Since independence Nigeria’s rulers had squandered its natural riches. If the amount of money invested by the government had been used “judiciously, Nigeria would have overtaken China and India in terms of development,” he declared.
“Our health system,” he went on, “has collapsed, the educational system is dead and our roads are in deplorable shape, yet these same leaders go to church and pray to God. No amount of prayers can cover your sins. Christ obeyed God till death, why can’t you obey Him in simple daily matters?” he said according to a report published in the Vanguard newspaper of Lagos.
Politicians often approached him for his support and prayers, he told the congregation at St. Peter’s. Yet those who solicited his prayers nullified their effect by the crimes they committed in office. Politicians, who claimed to love the people, often should little sign of this affection for the welfare of the common man in their public acts.
The seeds of corruption began with acquiescence to small sins and petty misdeeds, he said. Honor God in the small things and seek the good of all, Archbishop Akinola said.
Lambeth boycott is not the end of the Communion: CEN 2.08.08 p 5 February 7, 2008Posted by geoconger in Anglican Church of Australia, Church of England Newspaper, Church of Nigeria, GAFCON, Lambeth 2008.
The boycott of the 2008 Lambeth Conference does not mark the end of the Anglican Communion, the Archbishop of Sydney has said. However, the Lambeth Conference’s role as an “instrument of unity” is no more.
Writing in the Sydney Morning Herald on Feb 5, Dr. Peter Jensen said he and his suffragans would not attend the July 16 to Aug 3 gathering out of “faithfulness” to Scripture and in solidarity with Africa’s Anglicans.
On Jan 30 Archbishop Peter Akinola stated the Nigerian bishops along with those of Rwanda and Uganda “are not going to the Lambeth Conference.”
The proposed agenda of the 2008 Lambeth Conference will differ in purpose and structure from past gatherings of the Communion’s bishops. Speaking to the BBC Radio 4’s Sunday programme on Jan 27, Archbishop Rowan Williams stated he wanted the Lambeth Conference to give “space” to the “huge number of Anglicans” for whom homosexuality is “not the overwhelming issue, who really want to talk about mission, about development, and questions like that.”
Dr. Williams said he hoped Lambeth would allow the bishops to have a “good serious look at what structures we need to avoid the kind of confusion we’ve had in the last couple of years.”
His desire was also for “both ends of the spectrum” to “make some concessions to stay together. So the American Church is willing to say, ‘Alright, we won’t rush things,’ if the African and other churches are willing to say, ‘We won’t instantly condemn’.”
In his Advent letter to the Primates, Dr. Williams stated the Lambeth Conference would be “a meeting of the chief pastors and teachers of the Communion, seeking an authoritative common voice.”
However, the agenda does not envision creating a forum for the bishops to find their voice. The bishops will be given a “look” at the proposed Anglican Covenant, but no action will be taken, nor will there be any consequences for rejecting the common voice reached in 1998.
Archbishop Akinola expressed disquiet with the proposed agenda. “What is the use of the Lambeth conference for a three weeks’ jamboree which will sweep” the issues dividing the Communion “under the carpet,” he said.
Dr. Jensen explained that while the 1998 Lambeth Conference “made it clear that the leaders of the overwhelming majority of Anglicans worldwide maintained the biblical view of sexual ethics,” within five years Anglican churches in the US and Canada had “officially transgressed these boundaries in defiance of the Lambeth resolution and the teaching of the Bible.”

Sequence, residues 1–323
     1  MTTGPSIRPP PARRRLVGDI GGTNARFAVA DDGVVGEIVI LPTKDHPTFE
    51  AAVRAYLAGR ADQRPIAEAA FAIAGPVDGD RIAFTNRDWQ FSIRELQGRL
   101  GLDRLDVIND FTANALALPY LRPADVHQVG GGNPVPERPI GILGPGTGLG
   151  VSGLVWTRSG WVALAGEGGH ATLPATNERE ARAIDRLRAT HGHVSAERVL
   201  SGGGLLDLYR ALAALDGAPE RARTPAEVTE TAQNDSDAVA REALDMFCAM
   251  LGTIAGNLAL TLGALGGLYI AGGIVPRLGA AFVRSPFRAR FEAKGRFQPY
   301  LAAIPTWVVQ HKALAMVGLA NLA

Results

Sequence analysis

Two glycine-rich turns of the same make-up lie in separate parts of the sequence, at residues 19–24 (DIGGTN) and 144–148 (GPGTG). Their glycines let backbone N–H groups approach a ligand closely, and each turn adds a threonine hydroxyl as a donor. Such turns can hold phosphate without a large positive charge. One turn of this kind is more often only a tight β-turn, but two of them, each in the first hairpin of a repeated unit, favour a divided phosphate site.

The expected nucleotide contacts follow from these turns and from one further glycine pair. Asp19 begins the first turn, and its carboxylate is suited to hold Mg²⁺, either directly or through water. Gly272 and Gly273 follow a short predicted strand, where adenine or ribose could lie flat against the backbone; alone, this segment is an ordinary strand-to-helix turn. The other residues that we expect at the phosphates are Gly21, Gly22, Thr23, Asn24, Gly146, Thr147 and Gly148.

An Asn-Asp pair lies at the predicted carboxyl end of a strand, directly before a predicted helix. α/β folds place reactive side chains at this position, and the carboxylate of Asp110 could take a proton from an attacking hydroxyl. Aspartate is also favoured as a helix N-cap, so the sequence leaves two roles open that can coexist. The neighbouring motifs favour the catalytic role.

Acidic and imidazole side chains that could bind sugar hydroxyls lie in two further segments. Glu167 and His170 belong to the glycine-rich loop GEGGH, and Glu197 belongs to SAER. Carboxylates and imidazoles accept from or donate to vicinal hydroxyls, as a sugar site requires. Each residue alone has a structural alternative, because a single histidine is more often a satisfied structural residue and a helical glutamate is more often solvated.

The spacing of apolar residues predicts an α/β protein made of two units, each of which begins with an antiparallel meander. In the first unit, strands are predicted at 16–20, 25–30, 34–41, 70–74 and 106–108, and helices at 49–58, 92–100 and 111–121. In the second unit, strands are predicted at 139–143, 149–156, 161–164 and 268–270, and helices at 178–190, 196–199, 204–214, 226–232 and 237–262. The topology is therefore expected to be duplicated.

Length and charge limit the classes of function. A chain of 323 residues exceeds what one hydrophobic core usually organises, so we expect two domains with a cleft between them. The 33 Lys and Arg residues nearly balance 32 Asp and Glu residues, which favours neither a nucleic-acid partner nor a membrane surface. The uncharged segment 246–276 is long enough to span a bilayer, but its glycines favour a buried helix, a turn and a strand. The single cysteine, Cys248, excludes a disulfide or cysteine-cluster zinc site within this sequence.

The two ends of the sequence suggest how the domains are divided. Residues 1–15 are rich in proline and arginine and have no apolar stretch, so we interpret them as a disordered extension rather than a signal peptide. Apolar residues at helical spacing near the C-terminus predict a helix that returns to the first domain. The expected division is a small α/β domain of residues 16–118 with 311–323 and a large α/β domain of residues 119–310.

The “fallout” had made it “clear that we shall never go back to being the communion which we once were,” he said.
The African provinces that are boycotting Lambeth are “are not ending the Anglican Communion, or even dividing it. They are simply dealing with the reality that the nature of the communion has now been altered and reflecting that Lambeth is not as crucial to the future as it once was.
Dr. Jensen said he had come to share the African view “that since the American actions were taken in direct defiance of the previous Lambeth Conference, the Americans have irreparably damaged the standing of the conference itself.” To attend the conference without a resolution of these questions would be to “overlook” the “issues at stake.”
As the Conference is presently constructed, “those who say [that these issue do] not matter are the ones who are attending Lambeth,” Archbishop Akinola said.
Leaders of the Global South coalition tell The Church of England Newspaper there appears to be little the Archbishop of Canterbury can say or do at this stage to salvage the situation. While assurances have been given and programmes laid out at every Primates meeting since 2003, no substantive action has occurred.
“Why will it be different this time?”, one primate said.
Nigerian Church begins Prayer Book revision: CEN 2.01.08 p 8. February 2, 2008Posted by geoconger in Church of England Newspaper, Church of Nigeria, Hymnody/Liturgy.
The Church of Nigeria will begin a new round of Prayer Book revision, Archbishop Peter Akinola said in a pastoral letter published at the end of the church’s House of Bishops’ meeting last week.
The current Prayer Book, last revised in 1996, will seek to use modern language and African imagery to “help us to worship God meaningfully and relevantly in our setting and many situations,” Archbishop Akinola said.
He encouraged Anglicans to “prepare prayerfully so that the liturgy does not become a cold and lifeless aspect of our worship life, but a vibrant, inspiring and liberating encounter with our self-revealing God.”